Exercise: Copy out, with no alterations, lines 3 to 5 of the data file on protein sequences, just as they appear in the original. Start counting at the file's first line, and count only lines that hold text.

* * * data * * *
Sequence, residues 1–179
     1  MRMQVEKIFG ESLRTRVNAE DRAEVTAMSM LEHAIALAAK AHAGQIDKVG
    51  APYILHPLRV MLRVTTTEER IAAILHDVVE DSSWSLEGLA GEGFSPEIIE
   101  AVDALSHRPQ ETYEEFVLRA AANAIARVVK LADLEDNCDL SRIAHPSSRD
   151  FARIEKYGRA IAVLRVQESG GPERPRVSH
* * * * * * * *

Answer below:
    51  APYILHPLRV MLRVTTTEER IAAILHDVVE DSSWSLEGLA GEGFSPEIIE
   101  AVDALSHRPQ ETYEEFVLRA AANAIARVVK LADLEDNCDL SRIAHPSSRD
   151  FARIEKYGRA IAVLRVQESG GPERPRVSH